The Student As Historian – DBQ Resources and Strategies

New woman-wash day Over the last few weeks I’ve been guiding teams of teachers on reflective classroom walkthroughs. During the course of one of our “hallway discussions” I asked a social studies teacher, “who’s the historian in your classroom?” After a bit of give and take, we concluded that in the traditional classroom, the students get to watch (and listen) to the teacher be historian. 

That’s certainly what you would have seen early in my teaching career. I was the one doing most of the reading, reflecting and synthesizing of historic material. I thought my job was to distill it all and simplify for consumption by my students. It took me a few years to realize my job was to get the students to do the thinking.  I have spent my career developing teaching strategies and assembling resources that foster the student as historian. 

This downloadable SlideShare accompanies my workshop in “Teaching with Documents.” Don’t think of it as a presentation. It’s a online guide to resources and includes strategy illustrations from my workshop.

Link to presentation at SlideShare The Student As Historian

Image “The new woman – wash day”(1901) 
Library of Congress  cph 3b22851

2 Replies to “The Student As Historian – DBQ Resources and Strategies”

  1. Outstanding post, Peter. For teachers concerned about helping students master the skills they’ll need for life in the 21st century, your suggestions are essential. When we stop spoon-feeding students our own interpretations of historical events and instead equip them with literacy skills and the critical thinking abilities you argue for in your post, we’ll be on the way to producing thoughtful citizens capable of evaluating historical claims. What else should a history teacher do besides teach students how to think like a historian? It’s a no-brainer! Thank you for the reminder.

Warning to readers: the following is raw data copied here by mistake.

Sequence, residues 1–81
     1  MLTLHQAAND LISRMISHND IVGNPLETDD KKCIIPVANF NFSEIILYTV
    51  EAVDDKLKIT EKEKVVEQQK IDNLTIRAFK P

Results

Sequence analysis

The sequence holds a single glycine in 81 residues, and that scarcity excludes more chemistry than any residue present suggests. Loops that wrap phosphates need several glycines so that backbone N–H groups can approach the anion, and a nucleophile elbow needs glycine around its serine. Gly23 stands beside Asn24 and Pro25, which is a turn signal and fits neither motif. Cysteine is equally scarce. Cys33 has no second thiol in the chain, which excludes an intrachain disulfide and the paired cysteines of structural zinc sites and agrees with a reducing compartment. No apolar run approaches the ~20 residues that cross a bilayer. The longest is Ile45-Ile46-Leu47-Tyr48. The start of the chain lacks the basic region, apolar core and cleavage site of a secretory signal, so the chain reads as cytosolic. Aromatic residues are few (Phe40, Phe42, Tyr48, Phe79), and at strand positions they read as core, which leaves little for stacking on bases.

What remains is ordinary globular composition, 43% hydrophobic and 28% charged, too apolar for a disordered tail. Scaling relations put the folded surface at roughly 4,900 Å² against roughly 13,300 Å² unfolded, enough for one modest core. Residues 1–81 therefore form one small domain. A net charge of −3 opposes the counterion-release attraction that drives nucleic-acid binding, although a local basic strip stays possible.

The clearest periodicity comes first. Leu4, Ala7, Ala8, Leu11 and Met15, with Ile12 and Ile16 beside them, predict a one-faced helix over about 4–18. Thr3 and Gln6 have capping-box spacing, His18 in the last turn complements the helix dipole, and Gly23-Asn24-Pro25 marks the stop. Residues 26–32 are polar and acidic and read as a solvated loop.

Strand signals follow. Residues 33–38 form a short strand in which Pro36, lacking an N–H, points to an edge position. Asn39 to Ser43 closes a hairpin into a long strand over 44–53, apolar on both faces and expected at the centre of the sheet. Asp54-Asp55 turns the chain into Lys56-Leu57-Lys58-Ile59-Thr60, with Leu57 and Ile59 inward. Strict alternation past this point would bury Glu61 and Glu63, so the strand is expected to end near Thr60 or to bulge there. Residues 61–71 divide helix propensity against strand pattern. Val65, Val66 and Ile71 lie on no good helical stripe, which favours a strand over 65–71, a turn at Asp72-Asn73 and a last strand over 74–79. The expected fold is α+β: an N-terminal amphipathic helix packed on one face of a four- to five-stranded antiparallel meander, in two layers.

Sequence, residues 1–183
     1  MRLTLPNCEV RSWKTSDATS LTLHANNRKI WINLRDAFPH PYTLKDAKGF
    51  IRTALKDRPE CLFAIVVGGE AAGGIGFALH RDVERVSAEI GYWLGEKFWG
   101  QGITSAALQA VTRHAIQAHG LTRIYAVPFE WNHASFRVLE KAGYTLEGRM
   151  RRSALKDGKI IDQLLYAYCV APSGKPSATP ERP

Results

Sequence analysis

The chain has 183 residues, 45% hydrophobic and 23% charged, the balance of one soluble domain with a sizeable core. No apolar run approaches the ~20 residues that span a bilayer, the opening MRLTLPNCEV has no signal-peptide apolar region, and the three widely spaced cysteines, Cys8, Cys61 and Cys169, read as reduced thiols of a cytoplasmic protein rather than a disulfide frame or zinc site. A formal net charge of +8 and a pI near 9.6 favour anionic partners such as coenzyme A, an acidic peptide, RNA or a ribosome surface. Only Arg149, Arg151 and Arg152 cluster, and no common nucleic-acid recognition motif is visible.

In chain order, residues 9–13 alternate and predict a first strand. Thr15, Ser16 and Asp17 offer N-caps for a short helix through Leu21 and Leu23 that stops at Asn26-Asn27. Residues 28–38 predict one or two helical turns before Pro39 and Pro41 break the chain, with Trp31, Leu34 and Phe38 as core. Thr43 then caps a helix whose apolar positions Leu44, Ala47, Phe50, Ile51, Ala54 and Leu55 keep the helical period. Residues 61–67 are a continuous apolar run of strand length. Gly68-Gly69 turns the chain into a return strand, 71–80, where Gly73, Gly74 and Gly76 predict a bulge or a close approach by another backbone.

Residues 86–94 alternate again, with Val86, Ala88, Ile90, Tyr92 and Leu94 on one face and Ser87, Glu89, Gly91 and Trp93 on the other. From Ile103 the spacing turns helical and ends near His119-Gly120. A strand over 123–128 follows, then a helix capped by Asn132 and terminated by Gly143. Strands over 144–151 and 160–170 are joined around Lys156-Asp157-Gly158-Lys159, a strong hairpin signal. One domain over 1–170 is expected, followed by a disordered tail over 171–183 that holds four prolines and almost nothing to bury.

I’ve written about this myself a bit on my blog at

    Mike Gwaltney

  2. Here’s some teacher responses to my most recent “Student as Historian” workshop.

    “I liked actually having participants ‘do’ activities – it makes it much easier to use in classroom the moment I get back to my class.”

    “Reminder of what is truly important for life-long learning.”

    “Many new strategies to implement. The variety of 2. 0 strategies were great. I never heard of most of them.”

    “Focusing on skills vs. content – content builds long-term success.”

    “Have students consider their audience. Even young students can do higher-order thinking.”

    “I like the comparison of ‘traditional’ teaching with what teaching needs to look like in the information age.”

    “I need to encourage critical thinking in my students and do much less spoon feeding.”

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